Approaching the Land of Bliss: Religious Praxis in the Cult of Amitābha
- About the Book
The discourse of Buddhist studies has traditionally been structured around texts and nations (the transmission of Buddhism from India to China to Japan). And yet, it is doubtful that these categories reflect in any significant way the organizing themes familiar to most Buddhists. It could be argued that cultic practices associated with particular buddhas and bodhisattvas are more representative of the way Buddhists conceive of their relation to tradition. This volume aims to explore this aspect of Buddhism by focusing on one of its most important cults, that of the Buddha Amitâbha. Approaching the Land of Bliss is a rich collection of studies of texts and ritual practices devoted to Amitâbha, ranging from Tibet to Japan and from early medieval times to the present.
The cult of Amitâbha is identified as an integral part of Tibet’s Mahayana Buddhist tradition in the opening essay by Matthew Kapstein. Next Daniel Getz, Jr., locates the Pure Land patriarch Shengchang more firmly in a Huayancontext and his Pure Conduct Society not so much in the propagation of Pure Land praxis but as a means of modifying anti-Buddhist sentiments. Jacqueline Stone’s study of the practice of reciting nenbutsu at the time of death gives us an understanding of both the practice itself and the motivating logic behind it. Kakuban—the founder of the one major “schism” in the history of the Shingon tradition—is placed in a typology of Japanese Pure Land thought inJames Sanford’s study of Kakuban’s Amida hishaku. Hank Glassman contributes an essay on the “subsidiary cult” of Chujohime, whichderived from the cult of Amitâbha but grew to such importance that it displaced the latter as the focus of worship in medieval Japan. In his examination of “radical Amidism,” Fabio Rambelli discusses different forms of Japanese Pure Land thought that constitute divergences from the mainstream or normative forms. Richard Jaffeexamines the work of the seventeenth-century cleric Ungo Kiyo, who sought to match his teaching to the needs and capacities of hisdisciples. Todd Lewis highlights the importance of cultic life and finds traces of the desire for rebirth into Sukhavati in stupa worship among Newari Buddhists. Charles Jones’ “thick description” of a one-day recitation retreat in Taiwan provides us with a closer look at how the cult of Amitâbha continues in present-day East Asia.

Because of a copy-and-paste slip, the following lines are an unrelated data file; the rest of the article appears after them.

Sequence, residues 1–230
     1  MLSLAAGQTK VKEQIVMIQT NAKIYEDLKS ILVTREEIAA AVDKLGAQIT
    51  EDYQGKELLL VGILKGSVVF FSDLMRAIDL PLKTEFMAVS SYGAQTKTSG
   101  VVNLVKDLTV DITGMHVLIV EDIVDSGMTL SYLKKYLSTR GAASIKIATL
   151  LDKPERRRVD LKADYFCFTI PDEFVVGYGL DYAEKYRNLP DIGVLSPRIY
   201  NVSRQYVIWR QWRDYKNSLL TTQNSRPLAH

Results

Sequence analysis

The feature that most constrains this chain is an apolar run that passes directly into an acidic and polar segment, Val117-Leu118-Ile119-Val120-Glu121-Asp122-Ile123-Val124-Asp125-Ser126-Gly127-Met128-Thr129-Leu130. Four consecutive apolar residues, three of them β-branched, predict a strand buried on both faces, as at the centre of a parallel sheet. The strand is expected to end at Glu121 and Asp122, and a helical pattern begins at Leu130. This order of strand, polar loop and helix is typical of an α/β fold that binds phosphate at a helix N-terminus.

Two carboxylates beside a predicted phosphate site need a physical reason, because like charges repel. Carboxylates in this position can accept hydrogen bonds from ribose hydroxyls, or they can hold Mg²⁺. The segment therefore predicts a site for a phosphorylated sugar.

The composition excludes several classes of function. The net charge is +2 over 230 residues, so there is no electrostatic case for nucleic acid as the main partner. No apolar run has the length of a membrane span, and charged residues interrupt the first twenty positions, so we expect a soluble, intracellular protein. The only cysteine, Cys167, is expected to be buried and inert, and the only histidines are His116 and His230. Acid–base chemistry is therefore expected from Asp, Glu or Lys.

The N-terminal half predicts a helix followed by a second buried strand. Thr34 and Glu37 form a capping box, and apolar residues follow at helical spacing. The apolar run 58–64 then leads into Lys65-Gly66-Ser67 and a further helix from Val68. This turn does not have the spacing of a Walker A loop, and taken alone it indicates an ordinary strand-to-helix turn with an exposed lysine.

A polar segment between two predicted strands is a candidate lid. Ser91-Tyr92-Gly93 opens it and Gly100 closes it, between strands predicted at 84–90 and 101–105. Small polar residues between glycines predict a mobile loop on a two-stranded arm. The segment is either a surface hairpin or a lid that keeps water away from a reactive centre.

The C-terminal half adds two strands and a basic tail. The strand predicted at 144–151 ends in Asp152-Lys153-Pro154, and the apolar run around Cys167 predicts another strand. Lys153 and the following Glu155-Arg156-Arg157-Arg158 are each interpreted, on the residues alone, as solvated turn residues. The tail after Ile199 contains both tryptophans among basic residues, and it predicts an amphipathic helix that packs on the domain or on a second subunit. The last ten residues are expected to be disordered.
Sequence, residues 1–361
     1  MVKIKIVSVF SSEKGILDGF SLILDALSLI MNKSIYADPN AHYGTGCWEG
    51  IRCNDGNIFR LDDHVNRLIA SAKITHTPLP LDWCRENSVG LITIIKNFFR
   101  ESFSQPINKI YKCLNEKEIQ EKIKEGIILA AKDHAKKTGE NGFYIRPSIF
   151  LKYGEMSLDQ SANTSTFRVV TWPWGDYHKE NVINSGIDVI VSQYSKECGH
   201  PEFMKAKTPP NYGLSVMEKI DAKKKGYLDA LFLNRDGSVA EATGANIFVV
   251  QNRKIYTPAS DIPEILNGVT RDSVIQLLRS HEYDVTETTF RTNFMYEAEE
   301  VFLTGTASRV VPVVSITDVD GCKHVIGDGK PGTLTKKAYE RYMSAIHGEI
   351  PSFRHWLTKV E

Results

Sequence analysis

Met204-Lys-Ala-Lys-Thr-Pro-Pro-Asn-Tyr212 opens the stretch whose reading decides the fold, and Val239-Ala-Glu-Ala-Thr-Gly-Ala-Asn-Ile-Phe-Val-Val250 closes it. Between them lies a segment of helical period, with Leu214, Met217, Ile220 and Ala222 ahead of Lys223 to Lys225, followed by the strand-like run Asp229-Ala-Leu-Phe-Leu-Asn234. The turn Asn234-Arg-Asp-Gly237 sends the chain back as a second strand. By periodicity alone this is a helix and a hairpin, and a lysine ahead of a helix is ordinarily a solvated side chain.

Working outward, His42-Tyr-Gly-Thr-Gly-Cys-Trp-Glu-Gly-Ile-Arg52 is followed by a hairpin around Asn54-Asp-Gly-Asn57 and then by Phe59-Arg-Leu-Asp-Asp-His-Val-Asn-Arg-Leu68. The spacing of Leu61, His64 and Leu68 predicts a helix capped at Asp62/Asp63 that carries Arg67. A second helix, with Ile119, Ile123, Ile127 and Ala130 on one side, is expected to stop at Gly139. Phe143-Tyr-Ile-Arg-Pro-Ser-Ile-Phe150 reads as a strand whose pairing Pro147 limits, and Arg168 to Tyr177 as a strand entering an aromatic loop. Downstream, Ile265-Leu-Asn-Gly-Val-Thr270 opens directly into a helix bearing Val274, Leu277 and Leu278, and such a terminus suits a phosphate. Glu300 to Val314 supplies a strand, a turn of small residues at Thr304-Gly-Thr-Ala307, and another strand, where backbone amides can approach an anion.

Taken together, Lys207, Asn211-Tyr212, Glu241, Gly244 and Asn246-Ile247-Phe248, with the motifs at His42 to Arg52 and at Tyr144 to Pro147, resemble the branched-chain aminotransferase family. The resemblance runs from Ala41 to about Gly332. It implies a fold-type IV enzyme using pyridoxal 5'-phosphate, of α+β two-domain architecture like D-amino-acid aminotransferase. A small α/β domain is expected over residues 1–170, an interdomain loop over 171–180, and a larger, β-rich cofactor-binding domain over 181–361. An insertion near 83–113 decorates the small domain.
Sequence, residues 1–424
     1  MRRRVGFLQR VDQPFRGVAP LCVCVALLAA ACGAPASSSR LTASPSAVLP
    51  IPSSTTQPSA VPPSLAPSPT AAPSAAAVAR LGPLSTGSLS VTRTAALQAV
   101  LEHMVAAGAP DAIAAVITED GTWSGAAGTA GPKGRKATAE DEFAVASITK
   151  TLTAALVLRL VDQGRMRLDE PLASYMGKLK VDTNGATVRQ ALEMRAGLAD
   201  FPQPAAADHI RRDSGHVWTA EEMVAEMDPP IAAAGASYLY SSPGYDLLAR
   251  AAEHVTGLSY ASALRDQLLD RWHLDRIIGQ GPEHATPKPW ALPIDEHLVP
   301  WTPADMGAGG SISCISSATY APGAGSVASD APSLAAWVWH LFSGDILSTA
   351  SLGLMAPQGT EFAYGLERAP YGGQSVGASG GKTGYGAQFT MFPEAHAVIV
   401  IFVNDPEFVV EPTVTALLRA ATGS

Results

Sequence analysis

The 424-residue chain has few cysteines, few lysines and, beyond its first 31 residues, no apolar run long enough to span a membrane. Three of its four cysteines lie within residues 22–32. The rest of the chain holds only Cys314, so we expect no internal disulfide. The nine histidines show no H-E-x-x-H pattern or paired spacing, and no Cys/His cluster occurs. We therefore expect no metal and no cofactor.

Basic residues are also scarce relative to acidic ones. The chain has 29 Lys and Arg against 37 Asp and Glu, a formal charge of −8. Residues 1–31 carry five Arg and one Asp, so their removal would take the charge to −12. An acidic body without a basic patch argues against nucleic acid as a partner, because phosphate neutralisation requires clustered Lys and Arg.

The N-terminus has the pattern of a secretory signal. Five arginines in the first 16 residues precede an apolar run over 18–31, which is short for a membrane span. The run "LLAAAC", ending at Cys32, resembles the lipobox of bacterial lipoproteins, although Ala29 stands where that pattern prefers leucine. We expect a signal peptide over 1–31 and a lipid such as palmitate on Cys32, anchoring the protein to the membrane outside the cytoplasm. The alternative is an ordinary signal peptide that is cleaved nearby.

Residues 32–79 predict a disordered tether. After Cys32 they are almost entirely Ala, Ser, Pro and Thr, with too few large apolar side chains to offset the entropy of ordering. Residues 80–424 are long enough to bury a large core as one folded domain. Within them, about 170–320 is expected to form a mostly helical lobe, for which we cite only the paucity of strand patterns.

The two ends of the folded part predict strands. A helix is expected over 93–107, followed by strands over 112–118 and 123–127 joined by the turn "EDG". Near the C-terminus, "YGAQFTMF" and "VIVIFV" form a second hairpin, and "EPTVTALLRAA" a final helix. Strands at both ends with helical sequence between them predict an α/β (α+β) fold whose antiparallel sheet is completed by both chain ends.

Approaching the Land of Bliss moves beyond the limitations of defining Buddhism in terms of its textual corpus or nation states,opening up the cult of Amitâbha in Nepal, Tibet, China, and Taiwan, and uncovering new aspects of Japanese Pure Land.
Contributors: Daniel A. Getz, Jr.; Hank Glassman; Richard Jaffe; Charles B. Jones; Matthew T. Kapstein; Todd T. Lewis; Richard K. Payne; Fabio Rambelli; James H. Sanford; Jacqueline I. Stone.
- Richard K. Payne is Yehan Numata Professor of Japanese Buddhist Studies at the Institute of Buddhist Studies, Berkeley.
- Kenneth K. Tanaka is a professor of Buddhism at Musashino University in Tokyo, Japan, and is an ordained Jodo Shinshu priest. His work includes books and articles in the fields of Pure Land Buddhism and the development of Buddhism in the United States.